Taj Gibson: Signed to a four-year, $38 million extension last November, Gibson will be first off the bench in the frontcourt and should see a spike in minutes with his elite perimeter defense, which has become increasingly valuable against stretch-fours and the pick-and-roll. Carlos Boozer could be an amnesty clause victim next summer, meaning that Gibson's statistical ceiling, on par with career averages for points, rebounds, and blocks last year, could rise, especially now that a nagging knee injury has fully healed.
Mike Dunleavy Jr.: Brought in to provide three-point shooting off the bench after Marco Belinelli departed in the offseason, at 33, Dunleavy Jr. is not expected to see major minutes, but is an efficient shooter, hitting 44.2 percent of his field goal attempts and 82 percent of his free throws last season, and should be able to reprise his success from beyond the arc (42.7 percent) in a somewhat reduced role on the Bulls bench.
Tony Snell: Coach Thibodeau is notorious for burying his rookies in the depth chart. Snell, the 20th pick in the June draft, figures to be no exception as available minutes will be sparse at shooting guard and small forward unless Jimmy Butler or Luol Deng go down with injury. He should eventually be a difference-maker if his shooting range and defensive acumen translate to the NBA.
Malcolm Thomas: Waived by the Bulls in July due to poor production last season, Thomas will be given a chance to prove himself after showing promise in Las Vegas Summer League action, averaging 11 points and 15 boards per game. He could be a garbage time rebounding option if he wins a spot on the roster.
Erik Murphy: Drafted in the second round in June, Murphy will have a small window of opportunity to develop into a stretch-four option off the bench, averaging 43.5 percent from beyond the arc in his college career. He could be a pick-and-pop option in limited minutes, but the Florida product will have to prove a capable defensive rebounder first, an area which he struggled in under Billy Donovan.
Derrick Rose: Rose, who missed all of last season with a torn anterior cruciate ligament, is perhaps the most talked-about player in the NBA this side of LeBron James and Kevin Durant. Still only 25, Rose reportedly returns from seventeen months on the bench in terrific shape, but faces a multitude of questions in his comeback campaign. Will he retain the explosiveness that made him such a lethal attacker? Expect him to be eased into his former role in the early going, but he's still the centerpiece of the offense, and if he's anything like his old self, a big campaign could be in store for Rose.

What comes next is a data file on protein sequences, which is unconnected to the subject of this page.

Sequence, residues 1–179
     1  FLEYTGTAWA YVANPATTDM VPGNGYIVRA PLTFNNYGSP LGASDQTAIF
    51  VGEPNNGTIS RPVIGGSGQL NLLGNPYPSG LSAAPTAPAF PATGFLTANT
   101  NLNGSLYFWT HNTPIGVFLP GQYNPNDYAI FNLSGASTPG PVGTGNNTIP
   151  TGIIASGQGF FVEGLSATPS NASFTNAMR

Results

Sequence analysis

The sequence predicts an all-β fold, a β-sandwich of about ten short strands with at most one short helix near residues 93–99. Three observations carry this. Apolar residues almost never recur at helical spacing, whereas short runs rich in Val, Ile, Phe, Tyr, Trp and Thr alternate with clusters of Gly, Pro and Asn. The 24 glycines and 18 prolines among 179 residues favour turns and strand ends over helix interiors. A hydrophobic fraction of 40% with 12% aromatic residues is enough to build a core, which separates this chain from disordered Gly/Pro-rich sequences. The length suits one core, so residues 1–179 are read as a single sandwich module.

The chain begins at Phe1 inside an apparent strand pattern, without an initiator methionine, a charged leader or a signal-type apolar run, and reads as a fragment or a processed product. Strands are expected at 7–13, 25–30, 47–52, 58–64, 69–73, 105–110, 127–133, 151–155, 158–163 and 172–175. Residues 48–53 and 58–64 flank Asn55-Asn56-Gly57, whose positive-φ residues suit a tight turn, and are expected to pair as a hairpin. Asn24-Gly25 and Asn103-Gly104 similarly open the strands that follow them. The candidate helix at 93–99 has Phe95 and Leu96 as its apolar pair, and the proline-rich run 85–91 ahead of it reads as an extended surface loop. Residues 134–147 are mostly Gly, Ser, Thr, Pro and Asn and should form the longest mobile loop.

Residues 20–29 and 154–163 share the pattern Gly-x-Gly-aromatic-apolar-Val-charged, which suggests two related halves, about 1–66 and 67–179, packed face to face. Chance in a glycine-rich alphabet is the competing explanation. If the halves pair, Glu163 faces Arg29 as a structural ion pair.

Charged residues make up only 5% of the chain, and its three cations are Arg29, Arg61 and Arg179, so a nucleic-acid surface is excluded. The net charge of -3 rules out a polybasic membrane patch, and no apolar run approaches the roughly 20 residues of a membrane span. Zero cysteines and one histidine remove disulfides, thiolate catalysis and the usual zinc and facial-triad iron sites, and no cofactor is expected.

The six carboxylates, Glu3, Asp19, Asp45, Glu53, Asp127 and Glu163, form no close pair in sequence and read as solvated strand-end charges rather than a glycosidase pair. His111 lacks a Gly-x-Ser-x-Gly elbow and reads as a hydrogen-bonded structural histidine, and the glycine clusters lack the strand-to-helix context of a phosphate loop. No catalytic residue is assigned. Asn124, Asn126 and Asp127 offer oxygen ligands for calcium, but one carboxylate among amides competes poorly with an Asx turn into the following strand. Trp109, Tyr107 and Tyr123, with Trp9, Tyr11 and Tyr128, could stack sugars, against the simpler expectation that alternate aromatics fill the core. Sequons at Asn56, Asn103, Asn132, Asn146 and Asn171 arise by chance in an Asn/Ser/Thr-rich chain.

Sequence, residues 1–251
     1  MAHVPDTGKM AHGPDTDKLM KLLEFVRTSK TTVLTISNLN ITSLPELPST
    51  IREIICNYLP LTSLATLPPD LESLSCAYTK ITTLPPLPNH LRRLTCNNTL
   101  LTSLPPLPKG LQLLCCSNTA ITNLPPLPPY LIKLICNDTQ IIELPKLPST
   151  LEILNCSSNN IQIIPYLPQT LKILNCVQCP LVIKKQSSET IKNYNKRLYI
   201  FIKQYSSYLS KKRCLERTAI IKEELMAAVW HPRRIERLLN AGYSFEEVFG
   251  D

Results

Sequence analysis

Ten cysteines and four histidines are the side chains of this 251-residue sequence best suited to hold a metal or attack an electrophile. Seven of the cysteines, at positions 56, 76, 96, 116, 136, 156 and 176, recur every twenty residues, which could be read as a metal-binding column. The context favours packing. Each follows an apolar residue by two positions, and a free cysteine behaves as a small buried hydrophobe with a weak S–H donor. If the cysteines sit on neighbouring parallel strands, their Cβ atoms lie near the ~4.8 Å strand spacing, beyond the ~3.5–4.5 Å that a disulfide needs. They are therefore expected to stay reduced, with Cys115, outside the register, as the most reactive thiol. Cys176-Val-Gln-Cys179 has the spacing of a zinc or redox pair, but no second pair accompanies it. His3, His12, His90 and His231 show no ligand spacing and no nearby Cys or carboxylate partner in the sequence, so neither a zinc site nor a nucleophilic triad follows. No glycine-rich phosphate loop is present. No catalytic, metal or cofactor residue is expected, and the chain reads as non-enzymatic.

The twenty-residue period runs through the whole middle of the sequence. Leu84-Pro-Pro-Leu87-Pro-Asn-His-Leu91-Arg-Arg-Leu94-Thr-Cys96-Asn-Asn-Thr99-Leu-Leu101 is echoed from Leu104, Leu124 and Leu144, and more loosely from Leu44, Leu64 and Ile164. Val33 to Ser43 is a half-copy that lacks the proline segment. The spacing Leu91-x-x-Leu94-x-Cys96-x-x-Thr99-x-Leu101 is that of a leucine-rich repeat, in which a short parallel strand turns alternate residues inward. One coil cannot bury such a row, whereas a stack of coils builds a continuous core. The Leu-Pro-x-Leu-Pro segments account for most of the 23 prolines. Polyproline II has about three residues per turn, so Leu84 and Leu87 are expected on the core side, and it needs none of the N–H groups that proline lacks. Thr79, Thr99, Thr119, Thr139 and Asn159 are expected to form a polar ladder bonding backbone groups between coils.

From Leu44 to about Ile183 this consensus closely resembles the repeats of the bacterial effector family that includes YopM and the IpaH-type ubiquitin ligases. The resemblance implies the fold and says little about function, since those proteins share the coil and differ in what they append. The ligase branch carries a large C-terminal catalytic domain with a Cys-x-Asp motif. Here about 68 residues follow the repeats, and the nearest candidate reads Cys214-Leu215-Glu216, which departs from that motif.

Jimmy Butler: Butler's emergence as starting shooting guard was the bright spot of last season for Bulls fans. Given an large role in the playoffs, Butler shined, averaging 13.3 points, 5.2 rebounds, 1.3 steals and shot 40.5 percent from three in 40.8 mpg. Just 24, Butler should continue to improve, and could see increased production as Derrick Rose is eased back into leading the first-team offense.
Kirk Hinrich: Signed by the Bulls in July 2012 in the wake of Derrick Rose's injury, Hinrich, a converted two-guard, won the plurality of minutes at the point last season, but a swollen right foot and a ruptured calf limited him to 60 games and a meager 7.7 points per contest on 37.7 percent shooting from the field. These are foreboding signs for Hinrich, who will return to the bench and could see a further decline in minutes should Marquis Teague emerge as Rose's primary backup.
Marquis Teague: Teague was not offered much of a role behind Hinrich and Nate Robinson last season, but didn't do much to distinguish himself either, scoring 2.1 points and dishing out 2.3 assists in 8.2 mpg. With Robinson gone to Denver as an unrestricted free agent, Teague will be given a chance to compete with Hinrich for the backup point guard slot behind Rose, but will need to rein in a shaky jump shot and show more assertiveness in running the second team offense to merit further consideration.
Mike James: Still kicking at 38, James is in the hunt for a roster spot in Bulls training camp after usurping Darren Collison's starting role in Dallas last season. Though likely to find a home somewhere in the league this year, James is not a lock to make the team, as the Bulls need size more than point guard depth.
Jimmy Butler: Butler's string of impressive performances on the big stage has made him a fan favorite, but the hype is worth believing. He can rebound, shoot the three, collect steals and will stay on the floor for long stretches because of his defensive abilities. In a categories league, Butler's ability to produce vastly exceeds his draft slot.
Carlos Boozer: Brought into Thibodeau's rotation for his rebounding and mid-range shooting, Boozer is a shell of his former self, and could lose minutes to Taj Gibson, favored for his defense.